This place looked more corporate than medical. Appropriate, I guess, since this building Meant Business. The most important business of all: Life.
People receive news here. Behind these doors. Within these rooms.
Good news. Bad news.
The kind of news that changes your life.
The kind of news that changes the lives of those you love the most.
Adam paused at the stoplight. People strolled the sidewalks, soaking up the warmth and walking their golden retrievers and taking photos on their cell phones.
The world buzzed with busy.
Meanwhile, I stewed in the front seat.
Trees showed signs of their rebirth, exposing green leaves the size of squirrel ears. Exhausted tulips tried their best to pop out of their beds. But they weren’t fooling anyone.
They all frustrated me. But I was mostly mad at the sun. How dare it shine today?
I shifted my eyes from the offensive sky to the building ahead. We were close now.
I exhaled. We really were here. This really was happening.
Why was this happening, again? I silently asked God. Because I don’t have a clue. I attempted to avoid thinking the whole “It’s not fair” phrase, but….this wasn’t fair. This wasn’t fair at all.
I tried to list what I was thankful for in my head. That’s what all the self-help books recommend. “Make an attitude of gratitude.”
I was grateful for time. I was grateful for answers. For God. For plans. For this knife of a building and the existence of these doctors and the nurses and the medicine. Really. I don’t know what would happen if they didn’t exist. I…don’t….
My skin prickled again. The anger blazed like glowing charcoal burning to ash.
The selfishness resurfaced. I didn’t want a reason to be here.
I wanted her home. I wanted her healthy.
I wanted couches and P.S. I Love You and Finding Nemo.
Hot raspberry tea in quirky mugs. John Mayer cooing poetic lyrics over twangy guitar solos.
Hobby Lobby shopping trips where we could pick out the farmhouse style of home décor that we both like.
We need to get that metal cow sign. When it goes on sale.
She’s better at finding sales than me. Always offering where she got her scarf or earrings or dress at an offensively low price.
I wanted to go back to four months ago. To her wedding. To dancing.
To her husband Shane crying as she walked down the aisle.
To the S’Mores bar with peanut butter cups and puffy marshmallows.
To flutes of champagne and long, lace burgundy dresses (Was that color called burgundy? Maybe it was burgundy. I can’t remember if she wanted us to call the color burgundy…or maroon…or wine…but I do remember she was adamant about the distinction).
I want to go back to before.
Before the 10 p.m. call on a Tuesday night in March. I was splayed on our couch in the duplex under a blanket in my sweatpants. The finale of “This is Us” had just finished, and my biggest problem was how bummed I was that my new favorite show wouldn’t return until September.
“Are you sitting down?”
“What’s going on?”
“Words words words words they think it's cancer words words words words”
Punch in the gut. Head in hands. Knees to chest.
Now my husband turned right and pulled into the driveway. It led to a round cul-de-sac. You could turn right into the parking garage, but we missed the sign on the first try.
“Do we park there?”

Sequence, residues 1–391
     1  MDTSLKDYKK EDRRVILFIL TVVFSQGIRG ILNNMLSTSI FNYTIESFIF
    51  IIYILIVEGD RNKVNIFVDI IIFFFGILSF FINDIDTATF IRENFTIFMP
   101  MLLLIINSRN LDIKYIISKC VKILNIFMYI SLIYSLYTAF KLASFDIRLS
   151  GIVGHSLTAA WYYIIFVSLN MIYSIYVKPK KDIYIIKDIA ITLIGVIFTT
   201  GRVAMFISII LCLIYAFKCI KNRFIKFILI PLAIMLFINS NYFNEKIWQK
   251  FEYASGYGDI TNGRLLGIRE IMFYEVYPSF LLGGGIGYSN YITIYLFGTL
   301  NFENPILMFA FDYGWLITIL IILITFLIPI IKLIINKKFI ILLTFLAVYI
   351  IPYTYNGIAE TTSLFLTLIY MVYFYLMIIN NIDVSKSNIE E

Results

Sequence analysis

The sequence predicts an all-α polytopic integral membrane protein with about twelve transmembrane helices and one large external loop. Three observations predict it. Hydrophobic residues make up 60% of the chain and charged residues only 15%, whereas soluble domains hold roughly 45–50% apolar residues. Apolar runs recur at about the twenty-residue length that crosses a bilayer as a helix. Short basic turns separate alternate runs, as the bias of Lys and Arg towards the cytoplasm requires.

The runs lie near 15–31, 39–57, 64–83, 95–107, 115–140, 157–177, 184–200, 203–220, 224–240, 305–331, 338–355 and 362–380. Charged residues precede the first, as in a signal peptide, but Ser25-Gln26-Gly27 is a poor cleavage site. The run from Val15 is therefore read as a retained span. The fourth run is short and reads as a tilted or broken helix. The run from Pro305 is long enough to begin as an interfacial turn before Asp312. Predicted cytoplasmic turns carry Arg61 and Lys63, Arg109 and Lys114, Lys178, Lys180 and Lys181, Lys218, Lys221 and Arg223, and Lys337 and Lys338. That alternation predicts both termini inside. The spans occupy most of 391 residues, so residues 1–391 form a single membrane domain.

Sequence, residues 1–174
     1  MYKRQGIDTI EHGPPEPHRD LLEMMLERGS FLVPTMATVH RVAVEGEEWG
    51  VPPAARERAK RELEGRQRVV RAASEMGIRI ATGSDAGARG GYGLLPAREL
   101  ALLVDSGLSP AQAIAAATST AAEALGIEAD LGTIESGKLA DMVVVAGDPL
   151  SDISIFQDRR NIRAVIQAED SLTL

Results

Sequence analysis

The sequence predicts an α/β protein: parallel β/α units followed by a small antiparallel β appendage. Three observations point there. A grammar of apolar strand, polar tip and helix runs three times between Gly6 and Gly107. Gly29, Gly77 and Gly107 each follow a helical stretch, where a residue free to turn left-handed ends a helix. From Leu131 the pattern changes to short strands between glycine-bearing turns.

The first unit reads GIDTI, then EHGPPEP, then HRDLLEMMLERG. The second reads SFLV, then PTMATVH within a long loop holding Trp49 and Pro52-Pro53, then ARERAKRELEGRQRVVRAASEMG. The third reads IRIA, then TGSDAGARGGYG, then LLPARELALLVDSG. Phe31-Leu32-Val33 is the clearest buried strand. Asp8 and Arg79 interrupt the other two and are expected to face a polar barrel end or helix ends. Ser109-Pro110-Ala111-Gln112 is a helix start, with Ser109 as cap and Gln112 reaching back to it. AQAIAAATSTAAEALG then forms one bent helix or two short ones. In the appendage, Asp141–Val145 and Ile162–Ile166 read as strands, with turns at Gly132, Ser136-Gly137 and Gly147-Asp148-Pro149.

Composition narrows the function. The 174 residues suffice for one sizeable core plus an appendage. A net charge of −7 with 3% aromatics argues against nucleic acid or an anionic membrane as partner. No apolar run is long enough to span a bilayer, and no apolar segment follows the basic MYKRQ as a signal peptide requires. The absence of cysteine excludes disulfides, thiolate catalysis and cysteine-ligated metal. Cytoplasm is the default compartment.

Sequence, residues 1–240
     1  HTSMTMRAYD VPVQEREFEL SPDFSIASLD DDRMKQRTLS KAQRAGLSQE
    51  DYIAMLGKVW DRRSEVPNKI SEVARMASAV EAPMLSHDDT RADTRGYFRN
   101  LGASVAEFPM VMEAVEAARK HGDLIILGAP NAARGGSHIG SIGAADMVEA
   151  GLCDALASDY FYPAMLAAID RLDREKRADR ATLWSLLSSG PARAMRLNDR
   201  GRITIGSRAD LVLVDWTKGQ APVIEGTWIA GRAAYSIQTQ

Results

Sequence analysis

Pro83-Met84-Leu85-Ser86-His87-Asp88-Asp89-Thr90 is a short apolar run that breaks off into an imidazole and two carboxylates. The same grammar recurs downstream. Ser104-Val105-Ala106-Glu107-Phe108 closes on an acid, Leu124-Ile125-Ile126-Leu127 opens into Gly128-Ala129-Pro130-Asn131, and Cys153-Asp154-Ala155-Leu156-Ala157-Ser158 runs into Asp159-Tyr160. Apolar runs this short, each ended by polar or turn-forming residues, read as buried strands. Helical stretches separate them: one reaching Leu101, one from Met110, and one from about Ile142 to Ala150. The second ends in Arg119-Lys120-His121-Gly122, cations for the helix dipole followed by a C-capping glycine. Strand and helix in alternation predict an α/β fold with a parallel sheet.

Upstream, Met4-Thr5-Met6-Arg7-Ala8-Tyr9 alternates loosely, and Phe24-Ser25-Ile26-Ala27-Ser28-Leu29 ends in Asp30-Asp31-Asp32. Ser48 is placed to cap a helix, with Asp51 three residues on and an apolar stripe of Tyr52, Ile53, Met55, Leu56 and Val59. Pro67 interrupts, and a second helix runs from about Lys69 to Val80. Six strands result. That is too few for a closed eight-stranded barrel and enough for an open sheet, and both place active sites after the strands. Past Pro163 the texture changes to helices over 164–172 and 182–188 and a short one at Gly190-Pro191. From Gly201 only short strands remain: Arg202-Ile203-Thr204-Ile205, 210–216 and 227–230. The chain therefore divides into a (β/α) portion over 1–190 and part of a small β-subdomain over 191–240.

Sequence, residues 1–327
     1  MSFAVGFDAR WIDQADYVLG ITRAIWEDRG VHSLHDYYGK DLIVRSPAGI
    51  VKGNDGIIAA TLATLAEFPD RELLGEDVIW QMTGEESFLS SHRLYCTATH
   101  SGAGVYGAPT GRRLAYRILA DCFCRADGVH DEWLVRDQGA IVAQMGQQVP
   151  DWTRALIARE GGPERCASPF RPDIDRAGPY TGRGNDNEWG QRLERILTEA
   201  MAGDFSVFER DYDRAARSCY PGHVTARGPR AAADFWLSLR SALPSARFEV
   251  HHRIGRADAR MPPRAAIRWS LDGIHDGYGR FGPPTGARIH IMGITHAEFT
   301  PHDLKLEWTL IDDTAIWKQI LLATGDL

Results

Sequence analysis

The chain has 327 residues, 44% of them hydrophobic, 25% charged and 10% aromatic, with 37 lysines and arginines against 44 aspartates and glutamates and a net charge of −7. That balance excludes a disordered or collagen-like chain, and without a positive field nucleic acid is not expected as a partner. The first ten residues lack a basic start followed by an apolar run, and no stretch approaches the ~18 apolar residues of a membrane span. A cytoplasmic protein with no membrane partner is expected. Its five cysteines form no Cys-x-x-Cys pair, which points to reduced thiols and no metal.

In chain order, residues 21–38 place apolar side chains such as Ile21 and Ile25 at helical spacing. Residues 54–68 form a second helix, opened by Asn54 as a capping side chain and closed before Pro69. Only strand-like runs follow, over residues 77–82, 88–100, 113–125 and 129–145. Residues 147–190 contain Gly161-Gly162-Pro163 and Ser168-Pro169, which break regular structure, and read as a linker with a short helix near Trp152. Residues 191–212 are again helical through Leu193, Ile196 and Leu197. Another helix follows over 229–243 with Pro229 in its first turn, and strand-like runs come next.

“Yeah, turn here, it says visitors and patient parking only.”
“Crap, I missed it.”
“Well, just go around.”
The black paved pathway led us directly to the front of the building. Gleaming glass doors effortlessly slid open and shut with a sigh. Open. Shut. I glanced to the left of the sliding door. The sign caught my eye. I stared. My stomach churned.
UNIVERSITY OF MICHIGAN CANCER CENTER
I sat quiet in the passenger seat, my eyes glued to the golden letters that spelled out this situation out for me. The word “cancer” rolled around in my thoughts like a silver ball inside a pinball machine.
Reality set it then… Just made itself nice and comfy in my heart, my brain, my bones. It clogged my throat, blocking the right words I searched to say. After weeks chewing on news that I could not swallow, the tsunami of shock finally reduced to baby waves lapping against the lining of my stomach.
She was here. So I was here. Because that’s what we do. Her here is my here. That’s how this works.
Friendship can be like marriage. You’re there for each other.
For better or for worse. In sickness and in health.
Before the multiple myeloma diagnosis.
We made it around the cul-de-sac and pulled into the parking garage. At the entrance, a metal machine spit out a yellow paper ticket. Adam placed the paper on the dashboard, then parked the car in the garage underbelly.
We stepped outside. I laced my fingers with his and held my head high as we walked towards the sighing automatic doors. My boots thumped across the cement. A nurse with blue scrubs and a dirty blonde ponytail breezed by us. She looked about my age. She smiled. It helped.
Does she know? I wondered. I stayed quiet, and I could feel my husband glancing at me. Checking in without saying much. A look can do that.
We stepped in front of the glass doors. They opened up too easily, too quickly. They were trying too hard to be welcoming. We went inside anyway, exchanging fresh air for stale hospital oxygen.
The Cancer Center lobby was clean, large, and—strangely— empty. Coves of seating areas were splayed throughout the floor, chairs arranged in squares. A friendly woman with brassy, thick hair and black-rimmed glasses sat behind a large desk. She smiled, too, and I smiled back because sometimes my smile is automatic like that. Like the doors.
We walked around the lobby. I didn’t know what floor we were supposed to meet them, but I was desperate and determined to solve this puzzle myself. After pacing from one end of the room to the other, the receptionist finally had enough.